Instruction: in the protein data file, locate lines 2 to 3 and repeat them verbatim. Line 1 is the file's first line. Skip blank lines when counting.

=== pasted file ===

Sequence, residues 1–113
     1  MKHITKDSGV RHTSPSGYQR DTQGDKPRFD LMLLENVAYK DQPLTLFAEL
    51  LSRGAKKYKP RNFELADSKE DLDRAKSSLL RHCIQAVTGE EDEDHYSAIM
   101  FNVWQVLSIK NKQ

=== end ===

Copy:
     1  MKHITKDSGV RHTSPSGYQR DTQGDKPRFD LMLLENVAYK DQPLTLFAEL
    51  LSRGAKKYKP RNFELADSKE DLDRAKSSLL RHCIQAVTGE EDEDHYSAIM